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Probing modifications of the electronic structure of surfaces induced by slow, highly charged ions

Abstract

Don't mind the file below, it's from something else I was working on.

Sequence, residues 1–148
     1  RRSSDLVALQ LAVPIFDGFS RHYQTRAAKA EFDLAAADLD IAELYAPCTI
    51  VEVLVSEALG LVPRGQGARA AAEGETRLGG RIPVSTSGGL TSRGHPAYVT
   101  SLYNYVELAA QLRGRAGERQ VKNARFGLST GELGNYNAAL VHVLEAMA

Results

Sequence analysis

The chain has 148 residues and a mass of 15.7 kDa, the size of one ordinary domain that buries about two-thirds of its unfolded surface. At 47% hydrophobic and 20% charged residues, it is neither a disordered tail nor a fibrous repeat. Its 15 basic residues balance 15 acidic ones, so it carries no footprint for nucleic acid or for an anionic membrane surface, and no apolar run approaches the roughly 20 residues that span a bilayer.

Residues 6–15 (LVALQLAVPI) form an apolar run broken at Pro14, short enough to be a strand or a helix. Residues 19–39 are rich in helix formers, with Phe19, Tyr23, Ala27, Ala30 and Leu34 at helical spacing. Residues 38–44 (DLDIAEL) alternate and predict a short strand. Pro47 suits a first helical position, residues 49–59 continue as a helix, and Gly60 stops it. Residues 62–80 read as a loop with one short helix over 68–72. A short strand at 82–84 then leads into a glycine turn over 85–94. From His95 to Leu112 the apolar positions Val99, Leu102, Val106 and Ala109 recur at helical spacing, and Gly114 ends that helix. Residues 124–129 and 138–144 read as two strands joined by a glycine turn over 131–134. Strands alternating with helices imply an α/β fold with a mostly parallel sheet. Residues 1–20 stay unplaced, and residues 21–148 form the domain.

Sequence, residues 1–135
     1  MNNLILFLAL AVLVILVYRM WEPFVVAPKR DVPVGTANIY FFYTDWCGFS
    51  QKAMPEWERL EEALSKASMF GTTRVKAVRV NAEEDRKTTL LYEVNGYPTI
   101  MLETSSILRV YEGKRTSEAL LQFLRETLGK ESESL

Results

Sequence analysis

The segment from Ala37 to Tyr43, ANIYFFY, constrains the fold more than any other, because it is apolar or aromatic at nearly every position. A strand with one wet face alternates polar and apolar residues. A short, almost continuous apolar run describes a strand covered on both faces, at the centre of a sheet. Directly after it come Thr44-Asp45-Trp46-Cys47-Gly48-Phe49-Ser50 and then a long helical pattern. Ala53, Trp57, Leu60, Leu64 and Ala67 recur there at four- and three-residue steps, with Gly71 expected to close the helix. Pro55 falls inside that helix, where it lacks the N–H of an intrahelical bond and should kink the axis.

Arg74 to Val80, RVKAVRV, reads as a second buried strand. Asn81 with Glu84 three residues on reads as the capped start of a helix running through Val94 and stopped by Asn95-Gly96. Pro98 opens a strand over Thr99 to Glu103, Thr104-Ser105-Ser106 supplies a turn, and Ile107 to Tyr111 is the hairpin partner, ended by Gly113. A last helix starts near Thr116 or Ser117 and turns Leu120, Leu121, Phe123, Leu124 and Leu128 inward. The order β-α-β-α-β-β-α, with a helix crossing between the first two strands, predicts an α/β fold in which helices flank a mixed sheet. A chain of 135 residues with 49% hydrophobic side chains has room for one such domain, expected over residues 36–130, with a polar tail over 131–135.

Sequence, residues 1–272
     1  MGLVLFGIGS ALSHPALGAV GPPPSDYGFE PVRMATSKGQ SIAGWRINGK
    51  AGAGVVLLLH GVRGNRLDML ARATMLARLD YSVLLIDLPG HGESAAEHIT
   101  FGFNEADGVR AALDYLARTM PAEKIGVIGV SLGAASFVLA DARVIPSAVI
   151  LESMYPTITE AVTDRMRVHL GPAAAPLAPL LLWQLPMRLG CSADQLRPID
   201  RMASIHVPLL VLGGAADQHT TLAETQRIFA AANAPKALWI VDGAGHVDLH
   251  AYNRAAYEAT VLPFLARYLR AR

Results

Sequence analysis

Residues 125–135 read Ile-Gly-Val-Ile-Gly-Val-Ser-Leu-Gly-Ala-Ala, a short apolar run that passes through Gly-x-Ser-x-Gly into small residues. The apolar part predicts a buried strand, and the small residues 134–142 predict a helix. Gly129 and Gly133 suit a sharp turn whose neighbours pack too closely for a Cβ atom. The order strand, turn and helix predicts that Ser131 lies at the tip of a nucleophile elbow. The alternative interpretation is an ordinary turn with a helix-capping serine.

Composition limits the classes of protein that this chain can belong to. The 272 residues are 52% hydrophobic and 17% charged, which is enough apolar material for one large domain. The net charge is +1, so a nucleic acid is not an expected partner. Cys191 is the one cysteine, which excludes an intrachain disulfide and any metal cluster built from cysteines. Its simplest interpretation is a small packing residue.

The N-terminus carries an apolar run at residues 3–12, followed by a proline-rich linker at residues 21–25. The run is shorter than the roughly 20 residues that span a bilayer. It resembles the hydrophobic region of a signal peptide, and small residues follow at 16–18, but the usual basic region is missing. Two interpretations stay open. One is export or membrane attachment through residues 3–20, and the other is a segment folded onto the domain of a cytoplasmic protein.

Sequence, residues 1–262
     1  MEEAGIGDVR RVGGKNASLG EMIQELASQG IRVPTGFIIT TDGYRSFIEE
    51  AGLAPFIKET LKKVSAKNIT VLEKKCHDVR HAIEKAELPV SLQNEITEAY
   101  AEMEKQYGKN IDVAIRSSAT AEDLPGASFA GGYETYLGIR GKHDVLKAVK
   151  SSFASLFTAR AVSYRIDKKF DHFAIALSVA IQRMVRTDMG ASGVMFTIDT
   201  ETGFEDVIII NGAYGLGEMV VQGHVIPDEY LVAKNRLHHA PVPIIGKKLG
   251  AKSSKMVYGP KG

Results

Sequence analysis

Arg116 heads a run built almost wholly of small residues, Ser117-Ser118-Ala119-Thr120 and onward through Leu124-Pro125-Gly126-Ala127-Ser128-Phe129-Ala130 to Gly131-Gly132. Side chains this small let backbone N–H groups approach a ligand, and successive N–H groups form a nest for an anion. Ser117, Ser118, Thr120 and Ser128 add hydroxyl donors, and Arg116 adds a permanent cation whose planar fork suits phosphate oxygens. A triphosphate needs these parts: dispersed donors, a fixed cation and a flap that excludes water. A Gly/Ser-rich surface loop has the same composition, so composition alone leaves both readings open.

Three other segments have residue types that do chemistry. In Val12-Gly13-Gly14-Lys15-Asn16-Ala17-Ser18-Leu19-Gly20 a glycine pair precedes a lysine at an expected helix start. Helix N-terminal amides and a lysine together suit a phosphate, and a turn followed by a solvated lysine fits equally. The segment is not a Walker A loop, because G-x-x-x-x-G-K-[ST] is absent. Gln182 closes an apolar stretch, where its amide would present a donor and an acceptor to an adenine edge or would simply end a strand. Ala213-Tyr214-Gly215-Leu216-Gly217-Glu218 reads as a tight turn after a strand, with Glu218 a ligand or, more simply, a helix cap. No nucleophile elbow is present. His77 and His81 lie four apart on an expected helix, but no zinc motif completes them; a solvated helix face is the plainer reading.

Slow (v<2E6 m/s), highly charged ions (SHCI), such as Xe44+ and Au69+ deposit 50 to over one hundred keV of potential energy into nanometer scale surface areas within a few femtoseconds when they impinge on solids. Surfaces respond to this intense (~1E13 to 1E14 W/cm2), ultrafast electronic excitation by the emission of electrons, by sputtering and with topographical changes of the surface structure. We recently reported on light emission from silicon surfaces that were exposed to low doses (~1E10 to 1E11 cm-2) of SHCI [1]. Here, light emission was probed in ex situ photoluminescence experiments. In our presentation, we will report on results from studies at the EBIT facility at LBNL [2] where we probe the modification of the electronic properties of different surfaces by the impact of SHCI, and discuss models of the underlying mechanisms. We use ex situ photoluminescence and also began in situ spectroscopy of light emission in the range from 250 to 1200 nm during the impact of SHCIs. Materials studied are silicon with varying dopant levels, SiO2, and scintillator powders. Measurements of electron emission yields complement the light emission studies.

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